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Parliament says "the dog wrote my website"
Apparently nobody is responsible for important public statements on sovereignty
I have gone through a process of making an informal request from Parliament to challenge the accuracy of its website statement on sovereignty, followed by a formal freedom of information request to understand who is accountable for what is being said. I have now received a response, and it is… revealing in how it doesn’t reveal anything. Ready for a quick bit of fun as we go through the endless loops of holding the powerful to account?
Dear Martin Geddes,
Freedom of Information Request F23-139
Thank you for your request for information as copied below. You asked the House of Commons five questions regarding a statement regarding Parliamentary Sovereignty on our webpages, which we have sought to answer below.
Which formal role or position holds authority in Parliament for the approval of this public statement?
Which living man or woman (acting in that role) is responsible for the approval of this specific text currently on the website?
This information is not held by the House of Commons.
You mean it spontaneously appeared one day? Ghosts in the vault came up and decided to get into web design? That the dog wrote your website? OK… they explain further…
In the first instance, please note that the intention of the page linked in your request is to educate the public. It is not intended to be an official, formal statement or legal interpretation by the House of Commons in the way you suggest. Typically, pages of this nature are drafted with input from procedural and subject specialists from across the House, and they are therefore a collaborate effort. There is therefore no “formal role or position” who approves this text in this instance.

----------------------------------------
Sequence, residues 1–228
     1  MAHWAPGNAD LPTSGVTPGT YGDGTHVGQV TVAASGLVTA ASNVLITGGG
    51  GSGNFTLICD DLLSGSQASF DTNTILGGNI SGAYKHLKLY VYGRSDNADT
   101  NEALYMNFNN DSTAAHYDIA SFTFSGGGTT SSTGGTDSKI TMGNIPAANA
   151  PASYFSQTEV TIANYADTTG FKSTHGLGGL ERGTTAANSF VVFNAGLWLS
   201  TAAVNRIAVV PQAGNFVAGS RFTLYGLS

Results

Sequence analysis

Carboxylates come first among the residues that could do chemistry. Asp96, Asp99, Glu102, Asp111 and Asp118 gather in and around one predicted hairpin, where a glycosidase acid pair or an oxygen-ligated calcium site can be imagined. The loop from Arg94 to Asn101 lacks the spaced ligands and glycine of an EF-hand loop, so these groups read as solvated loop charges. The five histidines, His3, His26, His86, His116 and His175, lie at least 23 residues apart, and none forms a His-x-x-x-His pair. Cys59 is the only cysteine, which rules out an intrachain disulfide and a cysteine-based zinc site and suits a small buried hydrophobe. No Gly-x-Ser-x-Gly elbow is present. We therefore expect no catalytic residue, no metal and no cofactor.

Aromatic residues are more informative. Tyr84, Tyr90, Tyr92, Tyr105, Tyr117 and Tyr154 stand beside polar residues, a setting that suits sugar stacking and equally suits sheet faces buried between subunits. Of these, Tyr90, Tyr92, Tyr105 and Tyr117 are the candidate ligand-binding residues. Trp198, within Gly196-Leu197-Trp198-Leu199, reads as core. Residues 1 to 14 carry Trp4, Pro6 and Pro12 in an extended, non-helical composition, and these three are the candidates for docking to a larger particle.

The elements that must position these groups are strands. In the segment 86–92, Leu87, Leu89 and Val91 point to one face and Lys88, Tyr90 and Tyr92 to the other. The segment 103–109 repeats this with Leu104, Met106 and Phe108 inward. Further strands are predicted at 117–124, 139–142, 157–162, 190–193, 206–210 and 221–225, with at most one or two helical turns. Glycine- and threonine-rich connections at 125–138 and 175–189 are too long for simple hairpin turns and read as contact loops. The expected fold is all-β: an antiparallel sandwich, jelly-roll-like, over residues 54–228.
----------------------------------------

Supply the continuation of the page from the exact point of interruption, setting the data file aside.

Just “wow!”. How can a claim on the (lack of) limits of power of Parliament on its own website not be seen as “official”? How come miseducating the public on the authority Parliament has is not a matter of deep concern? Why is there a “collaborative effort” but none of those involved have decision authority? I am just stunned by this response. What ought to be the simplest possible question about process has drawn an evasive answer. Maybe they have something to hide?
Let’s press on!
What process exists (if any) for the review of such public statements, including any expert input or review, and input from the public?
This information is not held by the House of Commons.
Wowzers! An information black hole has appeared over Westminster…
As stated above, these webpages are intended to educate the public as opposed to being formal statements made by the House. On occasion, when drafting information for pages of this nature a team may seek advice from specialists within the House depending on the subject matter, but this is down to the discretion of the team who manages the page in question.
So these pages just magically appeared, and no team, person, or role is responsible or accountable for what is being say. In an age of PR and media optics, this is quite an eye-opening claim by Parliament. If there is one statement that ought to be absolutely precise and with zero room for misunderstanding, it ought to be on the extent Parliament is sovereign (versus the people). That is because a false claim is treasonous, although perhaps I should not be surprised — as treason appears to be their core business model.
Does Parliament have an official position statement on the limits of its own sovereign power (with respect to the sovereignty of the people and the monarch), and if so, where might it be found?
This information is not held by the House of Commons. We do not hold an “official position statement” of the nature specified.